Under these facts, the Patel court reasoned that any market allocation was not legally meaningful.  The court accordingly held that no reasonable juror could conclude that there was an agreement for the “cessation of meaningful competition,” and that, “[a]s a matter of law, this case does not involve a market allocation under the per se rule.”

A Brief History of Criminal Enforcement

Traditionally, the DOJ had fought against no-poach agreements that it believes violate federal antitrust laws exclusively on the civil front.

In 2016, however, the Antitrust Division released guidance for HR professionals warning that it would begin investigating and criminally prosecuting no-poach agreements.

Even prior to Patel, the DOJ had faced substantial setbacks in the criminal enforcement of no-poach cases.  Research indicates that although the DOJ has obtained a guilty plea against a manager in one no-poach case, no jail time was imposed in that case, and there have been no federal jury convictions on allegations of conspiracy to restrict recruitment or hiring.

Still, the DOJ has indicated that it will continue to pursue criminal charges in no-poach matters.  Indeed, in March 2023, the Assistant Attorney General for the Antitrust Division stated that no-poach cases are “righteous cases” and that the Division would continue to bring them when supported by the facts and the law.

Final Considerations

The Patel case confirms that whether a no-poach agreement qualifies as a per se unlawful restraint is a highly fact-specific determination.  It also shows that the Government must satisfy a high burden to establish a market-allocation theory in such cases; even when a no-poach agreement exists, the persistence of meaningful competition and the presence of exceptions in practice can defeat per se charges.

All that said, however, no-poach agreements are generally deemed anticompetitive and illegal.  Companies, executives, and HR professionals should carefully avoid them.  And although limited exceptions may exist, including in certain joint-venture scenarios, companies should consult with counsel before considering any kind of deal or arrangement with competitors that potentially restricts employee recruitment or hiring.  The civil and criminal consequences of falling on the wrong side of antitrust law can be severe.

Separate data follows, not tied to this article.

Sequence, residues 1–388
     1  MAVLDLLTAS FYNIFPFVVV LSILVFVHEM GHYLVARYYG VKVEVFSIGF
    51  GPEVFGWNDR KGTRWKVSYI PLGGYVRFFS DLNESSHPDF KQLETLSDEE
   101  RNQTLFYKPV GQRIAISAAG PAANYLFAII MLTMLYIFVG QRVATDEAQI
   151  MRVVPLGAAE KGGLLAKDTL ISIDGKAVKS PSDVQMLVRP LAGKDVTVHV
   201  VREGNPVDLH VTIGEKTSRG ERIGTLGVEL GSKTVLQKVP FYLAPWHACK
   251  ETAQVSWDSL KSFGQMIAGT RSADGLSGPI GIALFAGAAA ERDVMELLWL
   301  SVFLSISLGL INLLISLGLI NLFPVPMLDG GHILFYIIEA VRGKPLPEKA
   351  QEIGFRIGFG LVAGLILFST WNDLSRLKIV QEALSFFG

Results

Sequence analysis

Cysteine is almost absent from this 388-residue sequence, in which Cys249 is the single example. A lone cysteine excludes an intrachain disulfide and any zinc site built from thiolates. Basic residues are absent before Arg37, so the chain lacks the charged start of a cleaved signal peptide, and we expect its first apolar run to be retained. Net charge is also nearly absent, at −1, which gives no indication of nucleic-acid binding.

To strengthen compliance, companies should adopt, enhance, and enforce policies explicitly prohibiting (absent authorization from counsel) any arrangements with competitors that restrict pursuing, recruiting, or hiring employees.  Companies should also train executives, HR staff, and other relevant personnel to report any such issues, and educate them to be aware of the serious risks involved.

[1] United States v. Patel, No. 3:21-CR-220 (VAB), 2023 WL 3143911 (D. Conn. Apr. 28, 2023).

[2] 15 U.S.C. § 1 (prohibiting “every contract, combination in the form of trust or otherwise, or conspiracy, in restraint of trade or commerce among the several States”).

[3] Bogan v. Hodgkins, 166 F.3d 509 (2d Cir. 1999).

This article is intended as a general discussion of these issues only and is not to be considered legal advice or relied upon. For more information, please contact RPJ Attorney Gregory Feit who counsels clients on employment law, litigation, arbitration, negotiation, and trial advocacy. Mr. Feit served is admitted to practice in New York.